Welcome to the LDV NNR ringing blog, this blog is designed to share the experiences, findings and tales from a group of dedicated ringers. We specialise in conservation orientated research projects, largely focusing on wildfowl, waders, owls and birds of conservation concern, in and around the Vale of York NNR's.

NB - Whilst the purpose of this blog was initially designed to cover our nationally important wildfowl ringing activities, regular readers may have noticed the increase in posts detailing wildlife found across the valley (ranging from plants, fungi, butterflies, dragonflies & other invertebrates). Ringing posts will hopefully resume over the winter months, and will run alongside wildlife and work posts.

Monday, 2 September 2013

19/08/13 - Still ringing....? Just!

Long term followers of our blog will be aware that the summer months tend to be the time when we try to ring some of our locally bred ducklings. The Lower Derwent Valley NNR is one of the few places in the country where regular numbers of such ducklings are caught and ringed, and the totals from here make up a significant proportion, and in the case of Shoveler, virtually all those ringed in the UK. Last year proved to be one of our most successful seasons in this respect with both a successful breeding season and the late summer floods which further provided ideal catching opportunities. This year however, it appears to have been a rather poor breeding season across the board, presumably as a result of the prolonged cold winter and late spring preventing many species getting into good breeding conditions. This has affected the waterfowl, waders, the local owl population and many of our resident passerines. Furthermore, the much needed drier conditions throughout the late spring and summer which have been great in getting the hay meadows cut, and allowing us to catch up on management works, have also limited the success for breeding waterfowl. 

That said, the success of this type of ringing depends on dogged determination and persistence, so despite many early starts and failed attempts, dedicated members of the LDV Team kept pushing the corale trap at Wheldrake Ings (which was so successful in rounding up our geese in May). Low numbers of moulting drake Mallards were caught and despite continuous blank sessions throughout the majority of July the spirit of never giving up finally paid off with a brood of four Shoveler and two Gadwall ducklings caught on the last day of the month.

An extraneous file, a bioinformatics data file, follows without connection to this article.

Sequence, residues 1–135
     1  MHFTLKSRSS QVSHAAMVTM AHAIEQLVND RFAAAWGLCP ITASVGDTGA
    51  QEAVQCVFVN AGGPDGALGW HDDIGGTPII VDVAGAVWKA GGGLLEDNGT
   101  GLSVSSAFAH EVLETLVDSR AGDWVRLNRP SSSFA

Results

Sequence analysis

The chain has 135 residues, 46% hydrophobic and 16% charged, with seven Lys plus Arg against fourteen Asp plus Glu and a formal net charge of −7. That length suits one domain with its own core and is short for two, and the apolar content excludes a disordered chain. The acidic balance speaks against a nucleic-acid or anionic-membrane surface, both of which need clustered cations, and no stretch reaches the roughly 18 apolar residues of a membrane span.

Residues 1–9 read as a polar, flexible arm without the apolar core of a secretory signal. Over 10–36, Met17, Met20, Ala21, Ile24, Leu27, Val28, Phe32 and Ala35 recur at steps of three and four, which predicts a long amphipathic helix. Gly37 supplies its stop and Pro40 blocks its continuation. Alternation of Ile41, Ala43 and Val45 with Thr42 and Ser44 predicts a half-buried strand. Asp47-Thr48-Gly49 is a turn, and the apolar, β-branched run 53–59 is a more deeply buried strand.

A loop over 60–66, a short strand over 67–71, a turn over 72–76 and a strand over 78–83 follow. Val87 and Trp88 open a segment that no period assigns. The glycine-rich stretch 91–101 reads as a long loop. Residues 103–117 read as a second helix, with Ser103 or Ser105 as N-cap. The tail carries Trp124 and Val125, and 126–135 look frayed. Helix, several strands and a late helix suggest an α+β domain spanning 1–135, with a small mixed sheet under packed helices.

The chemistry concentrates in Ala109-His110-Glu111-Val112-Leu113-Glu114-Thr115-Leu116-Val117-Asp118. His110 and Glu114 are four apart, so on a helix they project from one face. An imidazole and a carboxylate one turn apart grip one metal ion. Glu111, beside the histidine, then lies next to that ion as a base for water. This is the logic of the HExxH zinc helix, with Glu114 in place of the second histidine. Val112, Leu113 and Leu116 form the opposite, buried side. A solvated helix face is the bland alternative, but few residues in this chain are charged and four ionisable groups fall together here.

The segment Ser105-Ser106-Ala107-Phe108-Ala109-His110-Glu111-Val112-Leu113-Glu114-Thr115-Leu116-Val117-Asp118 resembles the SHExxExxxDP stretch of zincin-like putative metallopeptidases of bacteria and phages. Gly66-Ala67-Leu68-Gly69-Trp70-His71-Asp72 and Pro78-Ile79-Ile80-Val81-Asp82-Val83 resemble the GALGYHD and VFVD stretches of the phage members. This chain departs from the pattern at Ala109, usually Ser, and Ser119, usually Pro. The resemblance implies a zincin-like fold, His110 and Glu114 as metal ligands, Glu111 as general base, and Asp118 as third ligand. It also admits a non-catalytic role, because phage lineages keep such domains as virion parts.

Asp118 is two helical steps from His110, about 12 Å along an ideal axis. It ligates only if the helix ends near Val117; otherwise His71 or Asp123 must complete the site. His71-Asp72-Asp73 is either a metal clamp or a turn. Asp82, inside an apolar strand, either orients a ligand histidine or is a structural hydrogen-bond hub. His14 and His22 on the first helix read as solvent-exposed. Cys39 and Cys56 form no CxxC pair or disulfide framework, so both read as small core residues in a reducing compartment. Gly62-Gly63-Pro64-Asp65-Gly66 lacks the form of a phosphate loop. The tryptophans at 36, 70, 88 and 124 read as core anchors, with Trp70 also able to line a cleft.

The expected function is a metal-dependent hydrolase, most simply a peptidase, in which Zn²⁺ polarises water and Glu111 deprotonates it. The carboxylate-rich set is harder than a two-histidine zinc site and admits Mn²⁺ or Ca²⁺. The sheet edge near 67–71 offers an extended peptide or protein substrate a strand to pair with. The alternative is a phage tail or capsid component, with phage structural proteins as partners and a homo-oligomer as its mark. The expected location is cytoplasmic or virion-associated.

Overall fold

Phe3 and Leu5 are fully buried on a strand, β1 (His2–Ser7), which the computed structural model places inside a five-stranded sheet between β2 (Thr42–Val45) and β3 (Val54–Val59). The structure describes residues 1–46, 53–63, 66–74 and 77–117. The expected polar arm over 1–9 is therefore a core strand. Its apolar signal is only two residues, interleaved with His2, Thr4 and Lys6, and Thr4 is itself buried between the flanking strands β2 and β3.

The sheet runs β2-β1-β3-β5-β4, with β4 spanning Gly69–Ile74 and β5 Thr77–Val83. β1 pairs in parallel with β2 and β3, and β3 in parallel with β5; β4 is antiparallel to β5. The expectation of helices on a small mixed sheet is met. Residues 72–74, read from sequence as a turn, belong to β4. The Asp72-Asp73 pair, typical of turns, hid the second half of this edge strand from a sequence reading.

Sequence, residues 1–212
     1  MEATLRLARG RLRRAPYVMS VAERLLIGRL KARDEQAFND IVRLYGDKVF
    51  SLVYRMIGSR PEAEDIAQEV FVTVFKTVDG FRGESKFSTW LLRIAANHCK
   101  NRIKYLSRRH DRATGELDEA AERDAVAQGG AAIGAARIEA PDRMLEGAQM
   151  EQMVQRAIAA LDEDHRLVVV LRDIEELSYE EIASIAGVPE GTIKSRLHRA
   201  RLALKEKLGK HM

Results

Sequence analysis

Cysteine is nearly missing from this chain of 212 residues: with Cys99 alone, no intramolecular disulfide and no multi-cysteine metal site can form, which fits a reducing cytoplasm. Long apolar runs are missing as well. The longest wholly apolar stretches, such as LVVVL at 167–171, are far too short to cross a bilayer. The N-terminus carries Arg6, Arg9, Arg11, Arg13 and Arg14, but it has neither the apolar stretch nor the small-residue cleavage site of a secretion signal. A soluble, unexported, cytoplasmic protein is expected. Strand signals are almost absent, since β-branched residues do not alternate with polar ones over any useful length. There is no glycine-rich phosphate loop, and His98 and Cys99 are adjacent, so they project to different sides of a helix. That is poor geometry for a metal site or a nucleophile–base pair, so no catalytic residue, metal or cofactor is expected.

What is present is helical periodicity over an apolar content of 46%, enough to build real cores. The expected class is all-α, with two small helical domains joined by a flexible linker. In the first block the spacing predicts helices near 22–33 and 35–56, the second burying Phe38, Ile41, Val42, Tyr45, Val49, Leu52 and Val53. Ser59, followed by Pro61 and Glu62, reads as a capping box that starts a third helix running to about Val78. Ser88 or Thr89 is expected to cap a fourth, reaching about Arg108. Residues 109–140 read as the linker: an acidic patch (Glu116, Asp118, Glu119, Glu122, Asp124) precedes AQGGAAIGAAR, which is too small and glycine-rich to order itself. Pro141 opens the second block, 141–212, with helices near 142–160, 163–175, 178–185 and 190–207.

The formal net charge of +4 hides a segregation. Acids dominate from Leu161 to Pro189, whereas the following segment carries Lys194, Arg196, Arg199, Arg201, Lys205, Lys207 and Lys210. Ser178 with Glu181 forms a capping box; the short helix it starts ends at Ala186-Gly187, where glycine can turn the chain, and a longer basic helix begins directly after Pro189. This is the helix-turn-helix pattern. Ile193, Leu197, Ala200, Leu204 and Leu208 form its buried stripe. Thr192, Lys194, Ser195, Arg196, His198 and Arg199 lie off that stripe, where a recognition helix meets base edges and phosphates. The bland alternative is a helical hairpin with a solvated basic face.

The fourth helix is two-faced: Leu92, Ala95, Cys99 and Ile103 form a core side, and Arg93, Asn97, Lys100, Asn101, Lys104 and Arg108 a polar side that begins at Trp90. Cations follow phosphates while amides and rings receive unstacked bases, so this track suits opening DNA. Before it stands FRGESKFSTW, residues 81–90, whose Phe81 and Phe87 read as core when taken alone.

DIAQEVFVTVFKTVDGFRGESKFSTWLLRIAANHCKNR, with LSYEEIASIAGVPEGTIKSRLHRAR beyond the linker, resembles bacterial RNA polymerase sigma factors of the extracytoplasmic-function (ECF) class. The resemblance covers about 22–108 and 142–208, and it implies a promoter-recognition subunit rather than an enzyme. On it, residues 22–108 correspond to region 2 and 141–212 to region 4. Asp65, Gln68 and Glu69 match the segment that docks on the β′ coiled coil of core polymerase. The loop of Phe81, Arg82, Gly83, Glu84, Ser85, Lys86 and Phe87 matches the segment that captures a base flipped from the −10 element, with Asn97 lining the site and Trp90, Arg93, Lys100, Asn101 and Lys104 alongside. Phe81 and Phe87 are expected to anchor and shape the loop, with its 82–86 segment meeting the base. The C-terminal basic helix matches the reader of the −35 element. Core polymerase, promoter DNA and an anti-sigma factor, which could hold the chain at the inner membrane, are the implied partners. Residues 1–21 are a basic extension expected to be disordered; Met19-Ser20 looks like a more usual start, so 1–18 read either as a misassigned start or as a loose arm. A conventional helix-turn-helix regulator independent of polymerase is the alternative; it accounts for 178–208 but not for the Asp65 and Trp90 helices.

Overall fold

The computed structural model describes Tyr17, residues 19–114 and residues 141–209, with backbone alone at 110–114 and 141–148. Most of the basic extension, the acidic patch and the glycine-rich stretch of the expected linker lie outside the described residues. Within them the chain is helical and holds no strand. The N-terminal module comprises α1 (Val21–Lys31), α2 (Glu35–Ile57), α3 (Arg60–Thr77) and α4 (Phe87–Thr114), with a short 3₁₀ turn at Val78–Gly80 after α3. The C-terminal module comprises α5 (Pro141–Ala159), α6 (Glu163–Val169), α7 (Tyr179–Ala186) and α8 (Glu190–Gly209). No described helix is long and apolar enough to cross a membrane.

Shoveler brood - Wheldrake - 31/07/13
Gadwall duckling - Wheldrake - 31/07/13

Various broods of Gadwall, Shoveler and a cr├Ęche of 14 Tufted Ducks on the top pond at North Duffield Carrs also meant several hard, hot and tiring sessions in chest waders in the searing heat fighting against the bulrush’s to drive the birds towards the nets. A lot of effort per bird but very successful in adding six Gadwall and four Tufted Ducks to the annual totals in three short sessions during the first week of August.

 
 Tufted Duck brood - North Duffield - 07/08/13
 Gadwall ducklings - North Duffield - 01/08/13
Gadwall duckling - North Duffield - 01/08/13

Whilst there we also took the opportunity to catch the only cygnet the Mute Swan pair on the top pond raised this year - again reflecting the small clutch sizes and subsequent brood sizes we have seen this year.  
 
 
Mute Swan cygnet - North Duffield Carrs - 01/08/13 

We have also just received news of one of our Grey Herons (yellow darvic 28) that was colour-ringed on the 17th May this year at the local heronry - 1 of a brood of two. It is presently residing at Nosterfield Nature Reserve near Ripon and again (following our other two recoveries) suggests a fairly rapid post breeding dispersal to the north. Many thanks to Jill Warwick from the East Dales Ringing Group for passing on the information and sending us the following photograph.

 
Grey Heron '28' - Nosterfield NR

Surprisingly given the large numbers of young Grey Herons we’ve had on the reserve this year (and checked for rings) we’ve not had any local re-sightings and so it’s maybe that the young Grey Herons that are now present in the valley have dispersed from elsewhere and are not the previously assumed local population. We’ve certainly had one visitor with the herons that’s come from a more southerly location. Many thanks to Robert Dawson for allowing us to reproduce his photographs taken below from Pool Hide, Wheldrake Ings on the 16th August.

 
Great White Egret - Wheldrake Ings - 16/08/13

2 comments:

  1. Glad you had some success! Where is 'top pond' at Duffield Carrs, do you mean the pond infront of the hide?

    ReplyDelete
    Replies
    1. Thanks Andy. No we don't mean the scrape in front of the hide, unfortunately there is no public access because it's not possible to get there on NE land and without causing major disturbance. We only put records out from here because birds that use it can turn up elsewhere in the valley.

      Delete